Abstract 545: Generation of Oxidized Phosphatidylcholines During Hypoxia-Reoxygenation Triggers Cell Death of Postnatal Cardiac Myocytes
Reperfusion of ischemic heart tissue leads to a rapid burst of reactive oxygen species which initiates a cascade of events that cumulate in cell death. The most susceptible biomolecules to oxidative injury are membrane associated phospholipids. Oxidized phospholipids including oxidized phosphatidylcholines (OxPC), have shown to be potent activators of the intrinsic apoptotic signaling cascade. We hypothesize that the production of OxPC within hypoxic myocytes mediates damage from hypoxia-reoxygenation (H-R) by triggering inappropriate cardiac myocytes death. Hence, we determined whether, bioactive OxPC are produced in cardiomyocytes during H-R, and whether OxPC species induces apoptotic response resulting in cell death of cardiomyocytes.
Post-natal rat cardiomyocytes were isolated from 2 d old rat pups and submitted to primary culture in serum-free medium. Cardiac myocytes were subjected to hypoxia (H) for 1 hour in a specialized gas-tight chamber under continuous nitrogen atmosphere followed by 1 hour reoxygenation (R). Lipidomic analysis of cardiac myocytes following H-R was determined by high performance liquid chromatography linked to tandem mass spectrometry was used to quantitate 82 distinct OxPC species from cell lipid extracts. Cell viability of cardiomyocytes was assessed in the absence and presence of known OxPC molecules (POVPC, PONPC, PGPC, PAzPC) and control non-oxidized PSPC.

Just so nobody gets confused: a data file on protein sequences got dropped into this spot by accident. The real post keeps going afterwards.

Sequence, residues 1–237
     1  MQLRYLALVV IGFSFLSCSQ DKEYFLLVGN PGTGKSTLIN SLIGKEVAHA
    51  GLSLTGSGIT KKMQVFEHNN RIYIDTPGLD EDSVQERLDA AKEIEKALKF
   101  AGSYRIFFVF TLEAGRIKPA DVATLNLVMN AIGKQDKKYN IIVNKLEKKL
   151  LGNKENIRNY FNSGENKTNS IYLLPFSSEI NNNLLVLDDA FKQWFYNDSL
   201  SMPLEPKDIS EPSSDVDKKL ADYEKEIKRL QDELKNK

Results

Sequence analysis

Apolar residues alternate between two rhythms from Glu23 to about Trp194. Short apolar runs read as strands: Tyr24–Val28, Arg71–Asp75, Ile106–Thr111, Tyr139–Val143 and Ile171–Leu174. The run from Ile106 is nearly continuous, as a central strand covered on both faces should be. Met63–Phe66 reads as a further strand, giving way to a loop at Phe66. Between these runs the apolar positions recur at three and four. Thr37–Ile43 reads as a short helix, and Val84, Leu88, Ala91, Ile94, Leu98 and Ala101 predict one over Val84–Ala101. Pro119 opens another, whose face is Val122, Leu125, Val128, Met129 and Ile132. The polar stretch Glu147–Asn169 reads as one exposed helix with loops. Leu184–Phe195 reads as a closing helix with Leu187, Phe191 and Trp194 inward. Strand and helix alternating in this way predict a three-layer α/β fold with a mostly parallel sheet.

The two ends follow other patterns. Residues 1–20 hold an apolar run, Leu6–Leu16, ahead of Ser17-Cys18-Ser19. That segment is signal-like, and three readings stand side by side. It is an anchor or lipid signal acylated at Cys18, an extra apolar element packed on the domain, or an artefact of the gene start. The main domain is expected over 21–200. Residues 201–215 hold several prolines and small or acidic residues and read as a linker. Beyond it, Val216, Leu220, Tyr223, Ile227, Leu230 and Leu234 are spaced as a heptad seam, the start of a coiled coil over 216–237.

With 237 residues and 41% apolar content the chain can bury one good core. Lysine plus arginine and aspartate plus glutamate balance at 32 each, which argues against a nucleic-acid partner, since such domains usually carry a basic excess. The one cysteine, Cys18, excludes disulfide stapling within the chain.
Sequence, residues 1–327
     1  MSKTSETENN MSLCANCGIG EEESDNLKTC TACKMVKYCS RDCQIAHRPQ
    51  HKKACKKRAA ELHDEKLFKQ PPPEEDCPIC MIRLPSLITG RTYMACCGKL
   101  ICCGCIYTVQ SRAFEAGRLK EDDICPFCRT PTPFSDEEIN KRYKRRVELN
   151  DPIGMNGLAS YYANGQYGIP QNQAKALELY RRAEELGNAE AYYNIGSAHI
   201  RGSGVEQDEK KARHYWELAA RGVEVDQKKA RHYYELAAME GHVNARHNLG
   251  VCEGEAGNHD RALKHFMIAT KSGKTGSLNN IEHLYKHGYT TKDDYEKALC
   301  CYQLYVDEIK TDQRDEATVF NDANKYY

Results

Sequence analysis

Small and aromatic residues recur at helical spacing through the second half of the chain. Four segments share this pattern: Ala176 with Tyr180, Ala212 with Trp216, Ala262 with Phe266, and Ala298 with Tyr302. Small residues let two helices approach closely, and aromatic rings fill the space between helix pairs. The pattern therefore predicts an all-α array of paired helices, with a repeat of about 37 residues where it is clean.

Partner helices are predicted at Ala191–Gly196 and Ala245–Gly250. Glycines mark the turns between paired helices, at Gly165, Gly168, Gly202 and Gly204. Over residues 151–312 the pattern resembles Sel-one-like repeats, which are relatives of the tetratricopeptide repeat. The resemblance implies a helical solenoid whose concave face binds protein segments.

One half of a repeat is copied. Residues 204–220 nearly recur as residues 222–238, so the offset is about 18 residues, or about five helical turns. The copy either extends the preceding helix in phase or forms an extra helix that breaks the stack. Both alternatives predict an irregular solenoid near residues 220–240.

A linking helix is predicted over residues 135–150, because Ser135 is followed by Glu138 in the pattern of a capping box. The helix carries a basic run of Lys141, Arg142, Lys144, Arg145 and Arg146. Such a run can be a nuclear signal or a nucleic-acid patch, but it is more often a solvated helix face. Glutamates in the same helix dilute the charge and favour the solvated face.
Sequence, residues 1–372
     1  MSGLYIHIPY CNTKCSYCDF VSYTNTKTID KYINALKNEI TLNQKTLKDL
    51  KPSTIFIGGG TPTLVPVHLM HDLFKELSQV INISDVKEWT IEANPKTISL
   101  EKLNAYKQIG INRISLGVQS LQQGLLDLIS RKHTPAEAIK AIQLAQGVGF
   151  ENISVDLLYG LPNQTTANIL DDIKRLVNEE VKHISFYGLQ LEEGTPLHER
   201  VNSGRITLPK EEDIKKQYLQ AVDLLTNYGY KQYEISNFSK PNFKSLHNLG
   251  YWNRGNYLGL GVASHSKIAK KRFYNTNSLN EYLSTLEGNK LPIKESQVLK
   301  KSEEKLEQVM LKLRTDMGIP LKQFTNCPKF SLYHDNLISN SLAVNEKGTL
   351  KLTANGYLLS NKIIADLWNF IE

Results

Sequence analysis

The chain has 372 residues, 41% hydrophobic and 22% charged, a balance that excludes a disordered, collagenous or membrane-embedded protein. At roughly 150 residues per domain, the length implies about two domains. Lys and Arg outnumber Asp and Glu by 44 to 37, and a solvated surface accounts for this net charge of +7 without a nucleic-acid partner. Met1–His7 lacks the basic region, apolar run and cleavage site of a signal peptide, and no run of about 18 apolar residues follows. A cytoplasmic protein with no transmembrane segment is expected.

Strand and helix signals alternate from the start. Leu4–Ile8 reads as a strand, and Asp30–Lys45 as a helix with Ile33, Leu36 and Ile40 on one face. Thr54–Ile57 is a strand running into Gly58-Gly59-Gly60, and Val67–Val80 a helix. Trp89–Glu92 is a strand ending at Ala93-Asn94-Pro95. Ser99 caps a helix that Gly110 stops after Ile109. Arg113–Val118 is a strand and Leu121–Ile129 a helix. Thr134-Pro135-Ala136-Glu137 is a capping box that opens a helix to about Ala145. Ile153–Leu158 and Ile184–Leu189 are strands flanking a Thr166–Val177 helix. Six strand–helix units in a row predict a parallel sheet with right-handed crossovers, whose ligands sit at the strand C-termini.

Lipidomic analysis of OxPC species showed increased generation of fragmented OxPC after H-R (10.20±0.67μg/mL vs1.95±0.24μg/mL, p<0.005) when compared to control cells. Cells exposed to POVPC and PONPC showed marked dose dependent increase in cell death compared to equal molar concentration of PSPC. There was also marked increase in mitochondrial permeability upon exposure to fragmented OxPC molecules.
To our knowledge this is the first demonstration that OxPC are generated within post-natal cardiomyocytes during H-R and potent inducers of cell death of cardiac myocyte during H-R. Interventions designed to modulate the synthesis of cytotoxic OxPC during H-R may prove beneficial in suppressing aberrant cardiac myocyte cell death and loss of ventricular function in patients with ischemic heart disease or following myocardial infarction.
Author Disclosures: D. Hasanally: None. V. Margulets: None. R. Chaudhary: None. L.A. Kirshenbaum: None. A. Ravandi: None.
- © 2014 by American Heart Association, Inc.